I really should be writing about one of the backlog of finished books I have sitting here next to my computer, but it's just so darn warm (it's been hot out all week, my house is old and so it's always really toasty upstairs where my computer 'lives'--someday I am going to have a laptap that is easily transportable rather than a PC--so I can go to the cooler part of my house to work rather than roasting upstairs), so I can't quite motivate myself to think that hard.
Just as a teaser (and maybe if I say it out loud I will feel more 'obligated' to stop being such a procrastinator and get the work done), I plan on writing about Anna Seghers's Transit soon, as well as Thomas Hardy's The Distracted Preacher (an odd little novella by the way). I've got a few other finished books that need attention and I might just get to them someday, too.
I've also been reading about Dashiell Hammett and Lillian Hellman (are you surprised?) and was going to share what I've been reading, but let's talk about them tomorrow. As another teaser, and something to think about in the interim, I find it really interesting to read about author's/artist's lives. I know as a reader I should be focused on the book or work alone and not on the person behind it, but it's hard not to want to know just a little bit more. The thing is, I sometimes think it's all fiction, in its own way. Private lives (and justifiably so) can be so carefully guarded and what's presented to the outside world isn't always a true portrait. Don't you think that their public image is carefully fashioned and presented, an image created? Take someone like Anne Frank, whose father excised bits of her diary so not to blemish her reputation. How much as a reader do I have a right to know? And how much is really real when I do read about the person.
Well, just a few things floating around in my mind today.
I do have a few links to share with you as well.
A little fanfare please. Did you know Virago Press is celebrating 40 years this year? How did I miss that? There should have been a Virago reading week or something momentous. Or maybe there was and I missed it?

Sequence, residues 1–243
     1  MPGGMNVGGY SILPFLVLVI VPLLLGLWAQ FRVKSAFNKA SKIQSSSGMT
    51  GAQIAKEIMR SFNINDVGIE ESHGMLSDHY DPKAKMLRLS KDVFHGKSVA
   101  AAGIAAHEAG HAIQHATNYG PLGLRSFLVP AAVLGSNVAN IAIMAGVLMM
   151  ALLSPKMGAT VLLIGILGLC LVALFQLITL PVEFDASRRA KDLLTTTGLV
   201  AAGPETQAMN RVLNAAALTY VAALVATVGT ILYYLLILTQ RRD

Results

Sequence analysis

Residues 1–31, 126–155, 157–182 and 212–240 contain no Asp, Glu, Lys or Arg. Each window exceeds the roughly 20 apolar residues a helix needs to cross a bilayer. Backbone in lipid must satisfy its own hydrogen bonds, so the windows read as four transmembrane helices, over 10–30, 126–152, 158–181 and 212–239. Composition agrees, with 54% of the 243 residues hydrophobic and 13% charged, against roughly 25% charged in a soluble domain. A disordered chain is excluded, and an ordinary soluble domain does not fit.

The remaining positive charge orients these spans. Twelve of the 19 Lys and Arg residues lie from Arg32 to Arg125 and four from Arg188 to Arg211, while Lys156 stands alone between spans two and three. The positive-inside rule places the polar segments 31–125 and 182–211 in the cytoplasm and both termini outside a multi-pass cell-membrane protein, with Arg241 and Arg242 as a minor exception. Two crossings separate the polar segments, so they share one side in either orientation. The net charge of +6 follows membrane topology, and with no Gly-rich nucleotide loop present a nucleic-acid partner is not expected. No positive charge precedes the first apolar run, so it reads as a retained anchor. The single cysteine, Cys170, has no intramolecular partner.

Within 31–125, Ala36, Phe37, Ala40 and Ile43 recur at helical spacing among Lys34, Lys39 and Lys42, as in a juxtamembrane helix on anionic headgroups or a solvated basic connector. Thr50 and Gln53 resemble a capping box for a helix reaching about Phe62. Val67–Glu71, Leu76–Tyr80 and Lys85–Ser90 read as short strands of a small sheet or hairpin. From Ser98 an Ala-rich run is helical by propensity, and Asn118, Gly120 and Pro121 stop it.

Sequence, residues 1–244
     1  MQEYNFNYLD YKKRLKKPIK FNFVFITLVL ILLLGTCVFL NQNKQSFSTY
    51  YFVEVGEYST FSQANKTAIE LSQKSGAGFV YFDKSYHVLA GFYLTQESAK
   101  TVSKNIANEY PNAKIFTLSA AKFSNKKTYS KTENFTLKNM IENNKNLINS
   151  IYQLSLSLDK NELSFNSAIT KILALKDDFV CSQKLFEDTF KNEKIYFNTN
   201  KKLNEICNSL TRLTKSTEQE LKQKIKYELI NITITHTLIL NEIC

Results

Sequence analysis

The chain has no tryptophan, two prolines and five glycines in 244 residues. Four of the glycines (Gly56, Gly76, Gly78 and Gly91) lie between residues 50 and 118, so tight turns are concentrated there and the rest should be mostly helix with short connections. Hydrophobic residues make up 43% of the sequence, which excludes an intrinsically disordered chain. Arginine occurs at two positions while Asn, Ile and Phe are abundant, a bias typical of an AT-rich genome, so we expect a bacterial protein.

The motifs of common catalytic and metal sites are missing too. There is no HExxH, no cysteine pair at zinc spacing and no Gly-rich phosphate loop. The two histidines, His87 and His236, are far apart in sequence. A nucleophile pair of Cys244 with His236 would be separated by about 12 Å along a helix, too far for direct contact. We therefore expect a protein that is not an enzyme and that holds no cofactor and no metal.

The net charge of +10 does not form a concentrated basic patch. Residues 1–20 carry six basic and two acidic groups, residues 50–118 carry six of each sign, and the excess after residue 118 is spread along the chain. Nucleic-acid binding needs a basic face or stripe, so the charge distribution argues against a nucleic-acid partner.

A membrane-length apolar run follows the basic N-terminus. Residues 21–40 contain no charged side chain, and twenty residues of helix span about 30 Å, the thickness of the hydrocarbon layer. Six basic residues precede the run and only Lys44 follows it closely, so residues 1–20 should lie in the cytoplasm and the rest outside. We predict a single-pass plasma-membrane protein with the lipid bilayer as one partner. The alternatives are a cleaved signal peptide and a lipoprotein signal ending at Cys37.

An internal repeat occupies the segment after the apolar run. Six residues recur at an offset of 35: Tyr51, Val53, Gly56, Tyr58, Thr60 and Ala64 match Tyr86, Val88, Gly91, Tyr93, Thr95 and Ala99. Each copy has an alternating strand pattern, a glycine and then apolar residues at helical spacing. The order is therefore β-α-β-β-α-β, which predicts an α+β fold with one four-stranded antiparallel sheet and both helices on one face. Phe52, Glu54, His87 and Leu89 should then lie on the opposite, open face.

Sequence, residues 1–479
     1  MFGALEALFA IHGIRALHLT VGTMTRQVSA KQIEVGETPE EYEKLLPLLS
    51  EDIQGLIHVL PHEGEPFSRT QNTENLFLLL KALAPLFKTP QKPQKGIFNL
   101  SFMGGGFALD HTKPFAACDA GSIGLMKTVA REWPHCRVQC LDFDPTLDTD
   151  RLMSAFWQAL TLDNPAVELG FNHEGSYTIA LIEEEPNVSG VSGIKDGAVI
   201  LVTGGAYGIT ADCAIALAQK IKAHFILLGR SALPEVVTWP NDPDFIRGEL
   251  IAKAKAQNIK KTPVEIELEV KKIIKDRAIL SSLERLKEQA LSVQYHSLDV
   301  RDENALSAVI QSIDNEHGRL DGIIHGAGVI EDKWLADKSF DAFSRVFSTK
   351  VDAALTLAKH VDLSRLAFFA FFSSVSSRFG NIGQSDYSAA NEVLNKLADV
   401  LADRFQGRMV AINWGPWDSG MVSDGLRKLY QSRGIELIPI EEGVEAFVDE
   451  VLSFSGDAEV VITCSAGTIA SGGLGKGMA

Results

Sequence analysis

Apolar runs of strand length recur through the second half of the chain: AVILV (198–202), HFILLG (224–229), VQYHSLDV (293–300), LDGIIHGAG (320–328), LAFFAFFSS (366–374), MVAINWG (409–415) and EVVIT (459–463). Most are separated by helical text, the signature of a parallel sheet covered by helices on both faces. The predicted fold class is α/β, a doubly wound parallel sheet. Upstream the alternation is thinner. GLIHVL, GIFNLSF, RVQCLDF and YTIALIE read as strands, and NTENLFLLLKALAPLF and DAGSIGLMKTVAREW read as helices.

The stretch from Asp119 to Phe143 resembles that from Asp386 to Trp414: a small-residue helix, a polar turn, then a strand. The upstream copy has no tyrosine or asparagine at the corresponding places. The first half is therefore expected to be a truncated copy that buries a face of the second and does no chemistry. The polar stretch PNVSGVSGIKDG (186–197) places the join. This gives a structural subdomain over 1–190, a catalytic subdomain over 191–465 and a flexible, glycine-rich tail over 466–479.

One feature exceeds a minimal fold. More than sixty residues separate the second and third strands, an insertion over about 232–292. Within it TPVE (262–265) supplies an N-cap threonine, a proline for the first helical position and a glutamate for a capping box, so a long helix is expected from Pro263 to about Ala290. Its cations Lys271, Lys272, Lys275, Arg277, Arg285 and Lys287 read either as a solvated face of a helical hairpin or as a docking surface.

And then take a look at the favorites of ten female authors. I'd have to think about my own favorite. I have, however, read five of the ten books, so not a bad showing really. I feel like I really should be reading something special in celebration!
Have you wondered exactly what the Great American Novel is? Nine experts share their opinions here. Alas, I can't weigh in since I have not read a single one on the list (though I've read a few of the authors).
Here's a list of ten books based on other books. A few might surprise you (they did me anyway).
I like some better than others, and some not very much at all, but you can take a look at these pop art covers for contemporary classics and decide for yourself.
By the way, I've not forgotten or abandoned my Lost in the Stacks posts. As summer is a busy time of year and there are always too many things to do (and not enough time to do them in), I've let my posts languish a bit. I would like to start them back up again in August. There were a few people who I chatted with and and kindly agreed to share their libraries, and I hope they will contact me and let me know if they are still interested.
Perhaps it's better to open things up a bit. If you are interested in having your personal library featured here, please send me an email and we can make arrangements!
Now, back tomorrow with Lillian and Dash.